Storms

Isaias

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July 30, 2020

Update Fri Jul 31 0200PM EDT

Hurricane Isaias was producing maximum sustained winds of 75 mph and was centered in the Southern Bahamas, approximately 245 miles SE of Nassau. Movement was to the NW at 16 mph.

Since the morning update at 0800AM EDT, the forecast track has shifted slightly to the west. This increases wind risk for some locations along the east coast of Florida.

Here are the afternoon (200PM EDT) updates to the Hazard Area Likeliness (HAL) Map…these areas have changed since the previous post.

WIND – Likeliness of Tropical Storm Force Winds (39mph+) that can bring down trees and cause widespread power outages:

Cocoa Beach and Fort Lauderdale, FL have been upgraded to PROBABLE. This now means that tropical storm force winds are PROBABLE along Florida’s east coast from near Cocoa Beach and the Space Coast to Fort Lauderdale. Andros, Bahamas has been upgraded to LIKELY

STORM SURGE – Likeliness of storm surge exceeding 4 feet:

No changes since last update…

RAIN – Likeliness of 6 or more inches of rain:

No changes since last update…

Consult the uploaded map for the HAL index at each location… the text above only communicates the changes with this update.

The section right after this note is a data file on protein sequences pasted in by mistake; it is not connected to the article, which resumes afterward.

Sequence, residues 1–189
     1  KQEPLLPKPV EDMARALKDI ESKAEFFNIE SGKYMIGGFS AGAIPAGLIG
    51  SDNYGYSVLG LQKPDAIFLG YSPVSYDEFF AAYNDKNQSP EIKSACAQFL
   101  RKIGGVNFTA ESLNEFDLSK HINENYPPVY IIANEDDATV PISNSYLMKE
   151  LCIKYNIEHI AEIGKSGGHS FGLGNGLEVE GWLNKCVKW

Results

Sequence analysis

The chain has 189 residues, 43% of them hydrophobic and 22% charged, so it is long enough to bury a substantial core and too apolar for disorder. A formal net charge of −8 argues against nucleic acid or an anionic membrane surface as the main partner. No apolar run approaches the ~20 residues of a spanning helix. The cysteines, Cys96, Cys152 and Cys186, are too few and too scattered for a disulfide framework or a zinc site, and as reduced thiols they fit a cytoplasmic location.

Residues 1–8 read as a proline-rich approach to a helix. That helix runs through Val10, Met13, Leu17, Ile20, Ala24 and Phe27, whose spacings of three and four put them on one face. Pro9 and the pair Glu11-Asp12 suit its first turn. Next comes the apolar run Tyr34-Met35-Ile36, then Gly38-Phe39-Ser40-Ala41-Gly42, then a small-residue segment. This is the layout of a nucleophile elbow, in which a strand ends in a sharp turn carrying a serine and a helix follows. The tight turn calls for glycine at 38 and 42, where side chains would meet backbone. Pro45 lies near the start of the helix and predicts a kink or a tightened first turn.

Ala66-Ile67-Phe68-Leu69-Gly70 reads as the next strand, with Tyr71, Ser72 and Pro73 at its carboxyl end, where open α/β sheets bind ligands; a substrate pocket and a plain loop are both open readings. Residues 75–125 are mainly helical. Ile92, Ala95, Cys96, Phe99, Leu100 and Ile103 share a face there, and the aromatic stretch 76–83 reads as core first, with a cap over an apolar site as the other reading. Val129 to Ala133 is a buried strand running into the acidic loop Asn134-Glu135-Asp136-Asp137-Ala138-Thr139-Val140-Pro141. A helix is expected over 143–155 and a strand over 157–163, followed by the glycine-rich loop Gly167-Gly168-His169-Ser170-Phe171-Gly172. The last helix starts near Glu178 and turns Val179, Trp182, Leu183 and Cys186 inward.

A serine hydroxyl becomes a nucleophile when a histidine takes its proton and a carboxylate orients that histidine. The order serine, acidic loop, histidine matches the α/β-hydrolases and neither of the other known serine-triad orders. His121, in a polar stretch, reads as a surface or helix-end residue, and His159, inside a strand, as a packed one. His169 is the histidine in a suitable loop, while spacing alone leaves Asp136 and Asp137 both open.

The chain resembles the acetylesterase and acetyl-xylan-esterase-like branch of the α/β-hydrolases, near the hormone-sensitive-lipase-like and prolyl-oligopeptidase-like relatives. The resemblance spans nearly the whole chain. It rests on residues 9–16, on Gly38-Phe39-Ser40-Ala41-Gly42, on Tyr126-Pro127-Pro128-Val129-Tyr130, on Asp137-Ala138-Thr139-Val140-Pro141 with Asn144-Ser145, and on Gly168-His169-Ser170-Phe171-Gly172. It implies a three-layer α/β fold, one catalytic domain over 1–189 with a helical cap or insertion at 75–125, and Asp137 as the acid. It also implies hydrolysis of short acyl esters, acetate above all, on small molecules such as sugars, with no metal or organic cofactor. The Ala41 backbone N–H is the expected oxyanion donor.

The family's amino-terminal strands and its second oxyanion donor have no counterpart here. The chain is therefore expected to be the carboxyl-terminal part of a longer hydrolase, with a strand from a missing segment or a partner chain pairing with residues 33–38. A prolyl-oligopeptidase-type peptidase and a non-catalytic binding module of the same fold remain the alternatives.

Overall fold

Look for the next update on Friday evening.

HEAVY SURF AND COASTAL EROSION

Even with the eye of Hurricane Isaias likely tracking off the east coast of Florida, expect heavy surf and coastal erosion along the entire Atlantic Coast of Florida.

TIMING OF TROPICAL STORM FORCE WINDS

I posted a map showing the Earliest Reasonable Arrival Time of Tropical Storm Force Winds from the National Hurricane Center. The approximate arrival times based on map interpretation is as follows:

Fort Lauderdale: 0800AM Saturday
Palm Beach: 1000AM Saturday
Cocoa Beach/ Space Coast: 700PM Saturday
All times are approximate and subject to change.

I will update again this evening. Stay safe everyone.


Update Fri Jul 31 0830AM EDT

Hurricane Isaias is tracking through the Bahamas today and will approach the SE Florida coast on Saturday. Here are the morning updates to the Hazard Area Likeliness (HAL) Map…these areas have changed since the post at 1100PM last night…

WIND – Likeliness of Tropical Storm Force Winds (39mph+) that can bring down trees and cause widespread power outages:

Fort Pierce and Palm Beach, FL have been upgraded to PROBABLE…

New Providence, Bahamas has been upgraded to LIKELY…

STORM SURGE – Likeliness of storm surge exceeding 4 feet:

No changes since last update…

RAIN – Likeliness of 6 or more inches of rain: